The use of touch in dance/movement therapy.

fist bump

One of the most controversial subjects in dance/movement therapy (DMT), or any psychotherapy, is the use of touch.  By this I mean when the therapist makes physical contact with a client.  It may be a pat on the back, a handshake or even a hug.  The use of touch is provocative because although the relationship between therapist and client is deeply personal, ultimately it is a professional relationship.  No matter how close I get to a client, DMT is my profession and I am getting paid to do the work.  Yet, I know that the relationship, the attachment, is the crux of the therapeutic process and it is the main motivating factor in therapeutic growth.  Touch is a natural component of most relationships, so how do I mindfully integrate the use of touch when working with my clients in a clinical setting?

It is important to note that the use of touch in DMT is dictated by the type of clinical setting a dance/movement therapist works in.  The use of touch may be more acceptable in certain settings than others.  It’s probably more appropriate to give a client a hug if you work in a nursing home rather than, say, a state prison.  I work in a day training program for adults with developmental disabilities (DD) and handshakes, fist-bumps and hugs are commonplace.  The treatment culture of the program allows for and approves mindful physical contact with clients.  To successfully integrate the use of touch, the dance/movement therapist must first check with the treatment culture and rules/regulations of the clinical setting.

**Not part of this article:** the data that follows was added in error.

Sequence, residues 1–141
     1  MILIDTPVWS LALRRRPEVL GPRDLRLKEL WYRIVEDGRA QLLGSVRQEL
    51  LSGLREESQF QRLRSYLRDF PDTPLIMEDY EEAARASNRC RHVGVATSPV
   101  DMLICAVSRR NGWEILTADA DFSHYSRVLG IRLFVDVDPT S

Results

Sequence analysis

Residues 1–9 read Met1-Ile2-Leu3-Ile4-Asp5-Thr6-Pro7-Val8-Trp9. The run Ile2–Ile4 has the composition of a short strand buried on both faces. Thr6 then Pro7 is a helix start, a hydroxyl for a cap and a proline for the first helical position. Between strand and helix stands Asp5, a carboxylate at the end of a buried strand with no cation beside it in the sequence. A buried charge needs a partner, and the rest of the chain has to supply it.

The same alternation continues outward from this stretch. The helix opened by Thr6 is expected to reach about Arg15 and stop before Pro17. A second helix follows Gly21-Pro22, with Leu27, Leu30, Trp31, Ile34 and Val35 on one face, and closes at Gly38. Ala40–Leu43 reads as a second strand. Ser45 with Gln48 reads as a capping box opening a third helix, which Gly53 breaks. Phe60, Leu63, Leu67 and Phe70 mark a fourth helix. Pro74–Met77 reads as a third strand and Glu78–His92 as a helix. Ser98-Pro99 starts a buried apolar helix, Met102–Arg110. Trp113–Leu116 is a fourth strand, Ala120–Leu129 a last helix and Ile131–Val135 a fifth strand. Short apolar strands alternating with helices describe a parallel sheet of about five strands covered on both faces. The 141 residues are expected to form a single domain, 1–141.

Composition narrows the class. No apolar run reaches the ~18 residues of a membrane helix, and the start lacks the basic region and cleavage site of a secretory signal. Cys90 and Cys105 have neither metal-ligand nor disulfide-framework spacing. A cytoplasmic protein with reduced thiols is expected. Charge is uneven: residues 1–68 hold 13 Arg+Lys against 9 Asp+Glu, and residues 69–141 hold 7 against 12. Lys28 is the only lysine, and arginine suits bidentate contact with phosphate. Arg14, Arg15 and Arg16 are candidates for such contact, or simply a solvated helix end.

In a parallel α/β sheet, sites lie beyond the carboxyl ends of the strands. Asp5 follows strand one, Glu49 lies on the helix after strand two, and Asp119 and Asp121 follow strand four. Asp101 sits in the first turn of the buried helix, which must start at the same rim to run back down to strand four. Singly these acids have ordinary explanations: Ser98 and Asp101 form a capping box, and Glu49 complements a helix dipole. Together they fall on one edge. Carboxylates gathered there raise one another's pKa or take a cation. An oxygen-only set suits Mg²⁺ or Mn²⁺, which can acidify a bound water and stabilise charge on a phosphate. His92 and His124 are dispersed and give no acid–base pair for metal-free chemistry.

The rapport I have with clients is also an important indicator of whether or not I engage in physical contact with clients.  How long have I worked with this individual?  How comfortable is the individual in DMT group and with me as the facilitator?  Rapport can work both ways.  It may take months of even years for a client to feel comfortable enough to engage in a seemingly simple gesture as a handshake.  Whereas other clients want to hug you, sit in your lap practically, upon first meeting you.  The difference between the two points to the relevance of a client’s diagnosis and how this informs my practice and use of touch.  I have one client, who in addition to DD also is autistic and has schizoaffective personality disorder.  I know to give him considerable distance when communicating with him.  I literally stand ten feet back and use lightness and sustained time when waving hello to him.  With another client, who in addition to DD has Bipolar Disorder, I have to extend my arm out to physically demonstrate my personal space bubble as well as offer the individual a fist-bump when I’m asked for a hug.  Each client’s interpretation and comfort with physical contact is unique and informed by their preference, diagnoses and history of physical contact in other interpersonal relationships.